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While different in so many ways, sometimes the cookie-cutter suburban districts of North America also invoke a feeling of loneliness. Let’s face it, imagine living in an ocean of identical houses, with identical grass-green lawns, trapped if something happens to your car. The monotony of suburban life is a common theme in a lot of western media, from films like Disturbia and Vivarium to music, like Arcade Fire’s album ‘The Suburbs.’ That being said, as home ownership becomes more unaffordable, we might look back at these works with a bit of scorn, since a house with a yard appears like a larger luxury than it used to. 

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Jayne
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1 year ago DotsCreated by potrace 1.15, written by Peter Selinger 2001-2017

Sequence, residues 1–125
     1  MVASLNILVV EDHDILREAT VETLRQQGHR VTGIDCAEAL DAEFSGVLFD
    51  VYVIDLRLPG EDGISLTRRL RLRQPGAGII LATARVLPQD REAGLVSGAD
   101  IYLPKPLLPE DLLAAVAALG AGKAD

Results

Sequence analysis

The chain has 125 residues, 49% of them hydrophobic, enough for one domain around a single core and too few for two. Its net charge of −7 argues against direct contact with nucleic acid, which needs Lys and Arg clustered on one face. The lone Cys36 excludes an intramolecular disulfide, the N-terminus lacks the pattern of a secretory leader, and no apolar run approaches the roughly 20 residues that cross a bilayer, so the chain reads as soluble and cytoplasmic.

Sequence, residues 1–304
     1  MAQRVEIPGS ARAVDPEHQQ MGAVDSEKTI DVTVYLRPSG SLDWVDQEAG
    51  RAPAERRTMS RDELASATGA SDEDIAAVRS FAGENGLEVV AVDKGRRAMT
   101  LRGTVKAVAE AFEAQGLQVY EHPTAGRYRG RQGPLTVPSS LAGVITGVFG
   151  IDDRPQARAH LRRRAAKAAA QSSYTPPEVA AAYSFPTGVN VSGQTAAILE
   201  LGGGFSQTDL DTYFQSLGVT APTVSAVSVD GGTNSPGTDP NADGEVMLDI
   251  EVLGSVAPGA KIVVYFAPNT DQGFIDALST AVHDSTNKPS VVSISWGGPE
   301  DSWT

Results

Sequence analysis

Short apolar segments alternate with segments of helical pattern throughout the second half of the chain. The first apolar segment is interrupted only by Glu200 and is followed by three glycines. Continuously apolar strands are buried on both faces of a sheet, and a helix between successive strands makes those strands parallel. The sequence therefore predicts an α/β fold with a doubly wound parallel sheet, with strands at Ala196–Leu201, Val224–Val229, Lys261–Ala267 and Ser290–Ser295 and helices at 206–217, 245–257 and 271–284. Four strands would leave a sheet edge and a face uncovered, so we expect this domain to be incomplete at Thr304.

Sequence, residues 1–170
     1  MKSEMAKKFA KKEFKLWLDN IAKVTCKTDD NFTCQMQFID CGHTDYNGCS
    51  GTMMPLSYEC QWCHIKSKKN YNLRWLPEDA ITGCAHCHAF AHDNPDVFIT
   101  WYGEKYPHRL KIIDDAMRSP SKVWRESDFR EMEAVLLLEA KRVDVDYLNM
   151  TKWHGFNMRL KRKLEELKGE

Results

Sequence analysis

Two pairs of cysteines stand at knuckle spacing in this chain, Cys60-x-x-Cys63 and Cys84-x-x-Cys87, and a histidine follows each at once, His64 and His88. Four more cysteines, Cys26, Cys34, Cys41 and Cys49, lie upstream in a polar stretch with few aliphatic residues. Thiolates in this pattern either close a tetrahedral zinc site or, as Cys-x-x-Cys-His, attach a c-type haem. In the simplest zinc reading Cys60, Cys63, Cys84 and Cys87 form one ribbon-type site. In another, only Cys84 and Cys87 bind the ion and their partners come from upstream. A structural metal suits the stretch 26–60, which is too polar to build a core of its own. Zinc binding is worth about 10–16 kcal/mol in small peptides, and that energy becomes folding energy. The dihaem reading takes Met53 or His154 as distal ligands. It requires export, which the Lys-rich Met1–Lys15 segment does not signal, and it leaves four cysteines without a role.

This is the way to get some people into a jewellery store. Me. I am that people.

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The dependency on cars is a large part of suburban living. With the exception of Western Europe where public infrastructure is very well developed, most suburban life revolves around driving. Partially, this is a result of the road systems present in suburban areas. Urban areas tend to have regimented grids, with some exceptions (looking at you, London) which east both public and private traffic flow. Suburban areas use a hierarchical model, with a main road, with “less important” branches, which branch into even less important sub roads.